Similarly, House Energy and Commerce Committee chairman Fred Upton (R-Mich.) is preparing to scrutinize the administration's health reform legislation, along with "job-killing regulations" that block technological innovation and wasteful programs that warrant budget cuts. FDA approval programs and research policies are fodder for the E&C Health subcommittee, headed by Rep. Joe Pitts (R-Pa.) and Mike Burgess (R-Tex.). In addition, the E&C subcommittee on oversight and investigations may continue the panel's probe into FDA's failure to adequately monitor foreign drug production and clinical research operations.
FDA's progress in creating an approval pathway for biosimilars is another issue of great concern to legislators from both sides of the aisle. E&C members who crafted the reform provision and several Senators involved in the legislation have sent letters to Hamburg clarifying the 12-year data exclusivity provision. The law does not provide for 12 years market exclusivity, they emphasized, and is designed to prevent sponsors from obtaining additional "next generation" patents based on minor product changes.
At last year's House hearings on J&J's manufacturing problems, FDA was represented by Principal Deputy Commissioner Joshua Sharfstein, who won plaudits for his command of the issues and knowledge of FDA operations. Now someone else at FDA will have to fill the hot seat at Congressional hearings, following Sharfstein's surprise departure from the agency last month.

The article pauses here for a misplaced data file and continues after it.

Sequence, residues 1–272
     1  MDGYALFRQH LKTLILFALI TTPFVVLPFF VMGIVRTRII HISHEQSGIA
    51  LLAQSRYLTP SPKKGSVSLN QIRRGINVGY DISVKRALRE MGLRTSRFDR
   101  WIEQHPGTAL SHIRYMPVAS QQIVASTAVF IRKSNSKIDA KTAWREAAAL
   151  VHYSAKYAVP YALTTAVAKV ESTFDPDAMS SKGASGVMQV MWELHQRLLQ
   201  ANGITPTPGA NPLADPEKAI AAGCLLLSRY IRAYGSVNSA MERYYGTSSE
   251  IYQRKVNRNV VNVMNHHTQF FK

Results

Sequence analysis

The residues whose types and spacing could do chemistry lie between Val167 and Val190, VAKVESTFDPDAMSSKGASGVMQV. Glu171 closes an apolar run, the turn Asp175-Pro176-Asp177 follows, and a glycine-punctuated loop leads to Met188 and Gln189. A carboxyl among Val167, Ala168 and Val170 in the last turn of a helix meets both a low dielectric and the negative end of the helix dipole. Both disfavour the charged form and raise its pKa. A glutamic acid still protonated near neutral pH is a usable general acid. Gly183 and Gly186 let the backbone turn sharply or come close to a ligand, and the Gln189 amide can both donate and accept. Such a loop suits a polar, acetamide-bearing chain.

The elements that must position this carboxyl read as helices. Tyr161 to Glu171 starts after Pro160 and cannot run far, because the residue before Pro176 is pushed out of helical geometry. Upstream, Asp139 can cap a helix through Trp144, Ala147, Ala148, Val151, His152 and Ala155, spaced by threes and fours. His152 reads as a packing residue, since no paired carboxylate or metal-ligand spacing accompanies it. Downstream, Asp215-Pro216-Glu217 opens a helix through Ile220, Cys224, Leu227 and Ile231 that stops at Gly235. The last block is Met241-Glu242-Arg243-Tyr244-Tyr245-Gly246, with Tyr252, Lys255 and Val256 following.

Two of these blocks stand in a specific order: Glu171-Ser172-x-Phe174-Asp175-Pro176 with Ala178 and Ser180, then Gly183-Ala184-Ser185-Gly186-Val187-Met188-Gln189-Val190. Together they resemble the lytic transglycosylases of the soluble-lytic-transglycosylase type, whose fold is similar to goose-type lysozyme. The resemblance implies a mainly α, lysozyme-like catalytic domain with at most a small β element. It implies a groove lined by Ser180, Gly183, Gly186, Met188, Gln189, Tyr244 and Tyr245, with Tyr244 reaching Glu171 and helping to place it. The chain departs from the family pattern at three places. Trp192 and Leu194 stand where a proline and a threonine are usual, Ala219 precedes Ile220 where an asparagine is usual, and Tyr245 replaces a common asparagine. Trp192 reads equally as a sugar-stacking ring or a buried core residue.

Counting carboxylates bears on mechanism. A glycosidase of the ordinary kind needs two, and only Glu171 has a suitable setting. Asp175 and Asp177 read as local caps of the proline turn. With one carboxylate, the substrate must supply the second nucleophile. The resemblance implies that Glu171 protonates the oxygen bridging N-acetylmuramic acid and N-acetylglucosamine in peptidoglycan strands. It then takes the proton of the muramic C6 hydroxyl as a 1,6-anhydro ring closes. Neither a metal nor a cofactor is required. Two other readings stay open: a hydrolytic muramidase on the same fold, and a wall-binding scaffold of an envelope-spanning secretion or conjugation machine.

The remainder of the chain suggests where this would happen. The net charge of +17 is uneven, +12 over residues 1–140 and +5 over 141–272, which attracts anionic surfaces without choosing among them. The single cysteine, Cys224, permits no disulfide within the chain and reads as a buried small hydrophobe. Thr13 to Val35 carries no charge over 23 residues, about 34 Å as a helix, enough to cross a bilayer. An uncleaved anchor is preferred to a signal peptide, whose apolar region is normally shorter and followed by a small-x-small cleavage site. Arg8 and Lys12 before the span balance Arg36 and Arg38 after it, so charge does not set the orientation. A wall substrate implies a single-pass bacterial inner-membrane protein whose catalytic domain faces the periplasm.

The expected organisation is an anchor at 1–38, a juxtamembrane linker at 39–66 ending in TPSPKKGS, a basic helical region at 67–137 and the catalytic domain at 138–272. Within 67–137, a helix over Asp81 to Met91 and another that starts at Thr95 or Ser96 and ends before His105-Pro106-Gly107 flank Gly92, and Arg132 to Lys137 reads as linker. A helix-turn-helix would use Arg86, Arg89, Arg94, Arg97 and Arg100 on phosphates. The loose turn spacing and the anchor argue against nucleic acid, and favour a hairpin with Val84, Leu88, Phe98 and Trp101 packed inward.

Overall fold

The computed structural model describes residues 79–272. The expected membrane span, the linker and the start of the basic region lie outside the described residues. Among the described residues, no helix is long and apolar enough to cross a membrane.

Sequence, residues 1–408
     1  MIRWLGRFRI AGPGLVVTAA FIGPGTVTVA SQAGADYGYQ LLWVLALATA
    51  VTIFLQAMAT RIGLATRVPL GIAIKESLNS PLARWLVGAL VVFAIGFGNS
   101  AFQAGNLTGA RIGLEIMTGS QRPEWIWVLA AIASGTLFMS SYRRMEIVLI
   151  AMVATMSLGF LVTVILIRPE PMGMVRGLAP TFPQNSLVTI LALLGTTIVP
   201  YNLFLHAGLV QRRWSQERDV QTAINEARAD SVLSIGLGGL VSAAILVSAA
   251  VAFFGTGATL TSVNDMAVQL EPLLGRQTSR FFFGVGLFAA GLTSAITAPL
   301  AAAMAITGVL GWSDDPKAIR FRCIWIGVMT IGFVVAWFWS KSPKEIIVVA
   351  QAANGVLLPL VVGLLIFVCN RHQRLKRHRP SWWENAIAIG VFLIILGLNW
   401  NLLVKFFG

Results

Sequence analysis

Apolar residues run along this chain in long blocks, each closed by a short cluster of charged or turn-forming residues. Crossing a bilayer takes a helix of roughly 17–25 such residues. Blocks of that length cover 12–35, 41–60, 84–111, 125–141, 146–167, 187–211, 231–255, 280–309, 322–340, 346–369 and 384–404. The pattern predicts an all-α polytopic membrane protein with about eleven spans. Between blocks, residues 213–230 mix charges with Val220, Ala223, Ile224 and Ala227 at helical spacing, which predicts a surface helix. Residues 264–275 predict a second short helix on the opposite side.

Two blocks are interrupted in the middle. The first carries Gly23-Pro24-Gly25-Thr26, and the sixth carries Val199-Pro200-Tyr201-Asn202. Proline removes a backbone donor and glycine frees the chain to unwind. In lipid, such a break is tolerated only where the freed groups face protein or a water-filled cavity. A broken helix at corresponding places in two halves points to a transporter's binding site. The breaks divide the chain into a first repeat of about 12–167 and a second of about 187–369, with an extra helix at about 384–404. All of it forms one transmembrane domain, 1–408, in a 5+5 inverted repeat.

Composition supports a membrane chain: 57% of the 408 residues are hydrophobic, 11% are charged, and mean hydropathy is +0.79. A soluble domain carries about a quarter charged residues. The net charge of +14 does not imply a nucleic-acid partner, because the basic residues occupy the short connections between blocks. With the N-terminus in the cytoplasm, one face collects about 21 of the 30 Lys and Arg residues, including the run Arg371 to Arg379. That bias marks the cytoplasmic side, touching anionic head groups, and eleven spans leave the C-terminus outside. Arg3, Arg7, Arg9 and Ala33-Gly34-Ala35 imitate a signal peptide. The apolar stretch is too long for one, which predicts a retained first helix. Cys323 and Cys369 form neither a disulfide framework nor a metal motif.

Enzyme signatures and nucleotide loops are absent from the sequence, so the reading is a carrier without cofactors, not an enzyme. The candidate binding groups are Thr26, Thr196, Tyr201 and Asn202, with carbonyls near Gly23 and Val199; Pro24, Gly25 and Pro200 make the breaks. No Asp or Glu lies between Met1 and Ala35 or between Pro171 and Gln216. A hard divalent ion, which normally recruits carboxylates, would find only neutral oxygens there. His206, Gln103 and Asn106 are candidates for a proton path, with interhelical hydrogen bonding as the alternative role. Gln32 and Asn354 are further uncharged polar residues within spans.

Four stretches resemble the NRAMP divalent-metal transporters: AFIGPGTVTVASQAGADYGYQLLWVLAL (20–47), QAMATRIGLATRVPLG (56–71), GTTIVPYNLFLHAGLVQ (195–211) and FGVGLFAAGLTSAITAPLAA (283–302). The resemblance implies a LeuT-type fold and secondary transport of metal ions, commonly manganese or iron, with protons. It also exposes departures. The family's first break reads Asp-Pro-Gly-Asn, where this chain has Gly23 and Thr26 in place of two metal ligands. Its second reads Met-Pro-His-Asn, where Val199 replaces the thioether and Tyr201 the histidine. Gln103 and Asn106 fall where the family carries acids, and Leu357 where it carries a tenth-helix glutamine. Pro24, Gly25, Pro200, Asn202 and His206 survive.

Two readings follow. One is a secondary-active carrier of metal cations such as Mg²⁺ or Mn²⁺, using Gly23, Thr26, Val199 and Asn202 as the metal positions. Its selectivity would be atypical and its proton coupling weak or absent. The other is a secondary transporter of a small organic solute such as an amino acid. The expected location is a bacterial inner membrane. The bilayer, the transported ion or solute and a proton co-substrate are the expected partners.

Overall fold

Sharfstein was lured away by an offer to head Maryland's health department, a move that capitalizes on his public health roots as Baltimore's health commissioner. In shifting to the state agency, Sharfstein will manage a $7 billion budget and will be involved with implementing the many health reform policies that require state involvement, such as Medicaid expansion and formation of new health insurance exchanges.
At FDA, Sharfstein helped engineer a get-tough compliance policy designed to curb perceptions that FDA was too cozy with industry. The stronger enforcement stance has produced more warning letters citing manufacturing, marketing, and clinical research violations, as well as more criminal investigations of industry. Sharfstein also was involved in strengthening FDA's medical device approval process, a high-profile exercise that remains ongoing, and he was a strong advocate for drug safety and tight curbs on the use of more risky medicines, such as the GlaxoSmithKline's diabetes drug Avandia (rosiglitazone).